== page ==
Introducing iFi, Infrastructure Finance Deborah Simpier Althea

  • Introducing iFi, Infrastructure Finance Deborah Simpier Althea

    Posted by DrRon Suarez on October 16, 2023 at 11:23 am

    Towards a Definition of iFi iFi, Infrastructure Finance, is a new market segment that applies the principles and mechanics of distributed systems to the funding and ownership of infrastructure. In this post, we share some initial thoughts about what iFi is, what its precedents are, and what it means for the future of infrastructure.

    From: Roger W, CC-BY-SA 2.0 Like DeFi (Decentralized Finance), which encompasses distributed, composable, and programmable financial tooling, Infrastructure Finance applies the smart contracting, finality, and secure, distributed consensus of blockchain technology to the funding and operating of infrastructure and utilities.

    iFi is:

    Permissionless: Composable systems, seamless integrations and native interoperability. Enables free and open markets. Trustless: Removes the brittleness and friction of manual coordination. No more middlemen or trusted third parties. Programmatic: Introduces dynamic and automatic methods for the funding and routing of utilities. Mitigates payment latency. Get paid for your service and operations minute-by-minute, instead of on 30–60 day cycles. Monetize in new ways, via automated micro-transactions. Transparent: Mitigate risk and enable more exploration, diligence, and collaboration for everyone. iFi Revolutionizes How Infrastructure is Funded, Built, and Used Infrastructure is the foundational and fundamental mechanism for how humans interface with society and the environment. It is water pipelines, sewage systems, food production, transportation networks, energy grids, and telecommunications. It must be reliable and performant, as every system of human and machine coordination relies upon it.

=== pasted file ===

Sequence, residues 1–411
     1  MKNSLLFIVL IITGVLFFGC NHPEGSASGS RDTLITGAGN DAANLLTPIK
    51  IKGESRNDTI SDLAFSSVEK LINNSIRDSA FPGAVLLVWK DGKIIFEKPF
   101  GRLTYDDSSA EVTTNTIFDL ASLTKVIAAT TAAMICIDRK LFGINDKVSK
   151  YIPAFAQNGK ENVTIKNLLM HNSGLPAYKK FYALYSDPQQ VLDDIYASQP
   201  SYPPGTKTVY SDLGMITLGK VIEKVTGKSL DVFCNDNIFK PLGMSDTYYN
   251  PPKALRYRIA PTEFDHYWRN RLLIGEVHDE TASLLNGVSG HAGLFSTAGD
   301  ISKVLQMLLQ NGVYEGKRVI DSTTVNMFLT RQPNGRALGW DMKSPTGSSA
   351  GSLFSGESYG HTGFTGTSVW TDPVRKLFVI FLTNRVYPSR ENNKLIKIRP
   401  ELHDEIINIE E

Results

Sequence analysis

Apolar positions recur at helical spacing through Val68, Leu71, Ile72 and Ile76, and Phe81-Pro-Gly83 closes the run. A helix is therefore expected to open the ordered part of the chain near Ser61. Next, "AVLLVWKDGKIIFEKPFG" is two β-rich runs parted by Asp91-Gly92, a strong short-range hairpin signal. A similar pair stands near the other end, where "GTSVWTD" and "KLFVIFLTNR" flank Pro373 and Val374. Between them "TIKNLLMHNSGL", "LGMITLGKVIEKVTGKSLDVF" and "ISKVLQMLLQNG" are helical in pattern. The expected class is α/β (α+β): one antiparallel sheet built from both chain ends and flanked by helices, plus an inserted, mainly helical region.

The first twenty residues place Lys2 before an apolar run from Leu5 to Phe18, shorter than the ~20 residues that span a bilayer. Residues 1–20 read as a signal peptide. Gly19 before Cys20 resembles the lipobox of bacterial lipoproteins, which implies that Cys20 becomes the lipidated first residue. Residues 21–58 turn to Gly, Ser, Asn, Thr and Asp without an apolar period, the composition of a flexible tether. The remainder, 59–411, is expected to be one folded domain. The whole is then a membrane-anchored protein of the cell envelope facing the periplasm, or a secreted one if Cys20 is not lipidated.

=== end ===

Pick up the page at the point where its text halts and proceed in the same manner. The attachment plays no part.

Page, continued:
Today, infrastructure is largely funded, built, and operated via centralized, government-orchestrated mechanisms because its construction and management require a great deal of trust, capital, and coordination. But centrally-operated systems carry the risk of a single point of control and the brittleness of a single point of failure.

    Small communities are particularly underserved by centralized networks that privilege cities, and we often see them develop distributed systems to address the vacuum of available and open infrastructure. These communities coordinate projects that range from a single well or grange that serves a few dozen people to thousand-member-strong farming or electrical co-ops. Whatever the size, these projects are built with the philosophy that being a user of infrastructure must entail being a participant in that infrastructure.

    As such, it’s often mistakenly assumed that participating in a cooperative always entails shared ownership of that entity. This perspective clings to the cooperative systems of the past, in which one resource was owned and managed collectively. Though this organizational framework is still relevant in some settings, it does not take into account how distributed systems enable disparate entities to cooperate without the need for unscalable human-to-human trust. This is the space in which iFi appears to reshape how we fund, build, and coordinate infrastructure.

    iFi Decouples the Ownership of Infrastructure from the Services It Provides But iFi doesn’t come out of nowhere: open-access infrastructure is an obvious precursor to the application of blockchain and distributed systems to infrastructure. Often seen in telecom, open-access design decouples the ownership of infrastructure from its services and management. Ultimately this introduces the possibility of systems in which one entity can own the infrastructure while another provides and manages its services (such as bandwidth and customer service).